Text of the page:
Business rates relief is to continue for the 2021/22 rates year for eligible retail, hospitality and leisure related properties. Between 1 April 2021 and 30 June 2021 there will be 100% rates relief, and for the remaining nine months to 31 March 2022 this will drop to 66% (the latter is subject to a monetary cap, albeit the maximum support applicable to most small businesses is likely to work out less than the cap in any event).


Cash grants for premises closed as a result of lockdown.

A local authority grant has been available since November 2020 to businesses that have had to close due to the national lockdown requirements, and so this is effectively an expansion of the grant that was already being made available to businesses that had to shut because of localised or national restrictions.

To be eligible a business must be registered for business rates and the grant amount will be dependent upon rateable value:

Rateable Value to £15000: Grant = £1334 per 28 day qualifying period.

Rateable Value £15001 to £50999: Grant = £2000 per 28 day qualifying period.

Rateable Value £51000 and above: Grant = £3000 per 28 day qualifying period.

Grants will be paid by the relevant local Rating Authority, which will also process the grant applications themselves.


Restart grants are to be payable to certain businesses from April 2021 to assist them to start operating again.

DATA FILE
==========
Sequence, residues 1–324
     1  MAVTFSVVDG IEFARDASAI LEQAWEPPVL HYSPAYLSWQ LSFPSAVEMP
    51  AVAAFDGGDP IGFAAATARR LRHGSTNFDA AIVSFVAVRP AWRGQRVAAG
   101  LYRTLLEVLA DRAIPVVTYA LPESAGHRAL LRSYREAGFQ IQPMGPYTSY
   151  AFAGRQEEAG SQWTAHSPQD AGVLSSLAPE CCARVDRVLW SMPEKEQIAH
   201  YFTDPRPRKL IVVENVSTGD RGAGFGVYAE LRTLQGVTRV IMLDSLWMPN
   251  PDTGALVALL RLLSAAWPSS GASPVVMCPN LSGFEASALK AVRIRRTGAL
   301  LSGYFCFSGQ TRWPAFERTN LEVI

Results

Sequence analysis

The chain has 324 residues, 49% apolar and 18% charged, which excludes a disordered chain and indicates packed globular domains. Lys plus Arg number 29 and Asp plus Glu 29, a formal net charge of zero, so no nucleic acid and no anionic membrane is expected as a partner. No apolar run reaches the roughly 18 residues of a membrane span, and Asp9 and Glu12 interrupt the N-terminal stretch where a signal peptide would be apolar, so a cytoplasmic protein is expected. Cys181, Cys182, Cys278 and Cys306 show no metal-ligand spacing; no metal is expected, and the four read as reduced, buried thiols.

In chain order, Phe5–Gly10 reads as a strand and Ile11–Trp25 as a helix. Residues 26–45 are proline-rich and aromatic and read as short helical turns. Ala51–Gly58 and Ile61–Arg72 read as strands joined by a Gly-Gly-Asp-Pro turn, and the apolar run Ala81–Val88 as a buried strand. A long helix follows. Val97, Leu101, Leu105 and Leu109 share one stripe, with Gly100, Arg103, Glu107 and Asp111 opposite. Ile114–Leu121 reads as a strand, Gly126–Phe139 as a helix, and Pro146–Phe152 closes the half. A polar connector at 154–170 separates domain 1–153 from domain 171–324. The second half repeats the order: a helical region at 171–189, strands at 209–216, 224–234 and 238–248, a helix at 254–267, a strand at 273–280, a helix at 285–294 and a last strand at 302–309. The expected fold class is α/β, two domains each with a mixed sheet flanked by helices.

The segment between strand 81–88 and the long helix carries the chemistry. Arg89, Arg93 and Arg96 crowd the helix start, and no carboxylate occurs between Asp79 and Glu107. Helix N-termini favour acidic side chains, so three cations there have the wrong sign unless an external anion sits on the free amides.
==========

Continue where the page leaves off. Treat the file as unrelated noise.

Coming out of lockdown, non-essential retail outlets etc are to open earlier than hospitality and leisure businesses. As such, grants of up £6000 will be available to non-essential retail whilst a higher figure of up to £18000 will apply to hospitality.

To be potentially eligible your business must be registered for business rates and it had to close due to the recent coronavirus restrictions; or it had to close to such an extent that it could not offer its usual person to person customer service from the business premises (aside from say click and collect).

A business will not be eligible if the decision to shut was voluntary rather than required by law. Therefore, a business choosing to adopt a 'premises closed' policy will not receive the grant if the business in question could have legitimately opened.

Grants will be paid by the relevant local Rating Authority, which will also process the grant applications themselves.

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Support for businesses via Coronavirus Loans


CORONAVIRUS BUSINESS INTERRUPTION LOAN SCHEME ('CBIL')

Applications for a CBIL scheme loan must be made by 31 March 2021. All major banks are offering this scheme and the scheme covers all business sectors.

At the discretion of the lender overdrafts can be included and so the CBIL scheme can extend to cover general business borrowing as well as formalised loans.

How do I evidence my viability?

Businesses will need to have a sound borrowing proposal (notwithstanding the disruption caused by the current Covid-19 pandemic). The required criteria will no doubt vary by lender, but could include providing information such as recent accounts and trading information, as well as cash flow forecasts. Lenders will provide their own guidance on what information they need to assess a finance application.

Will I have to pay interest on my loan?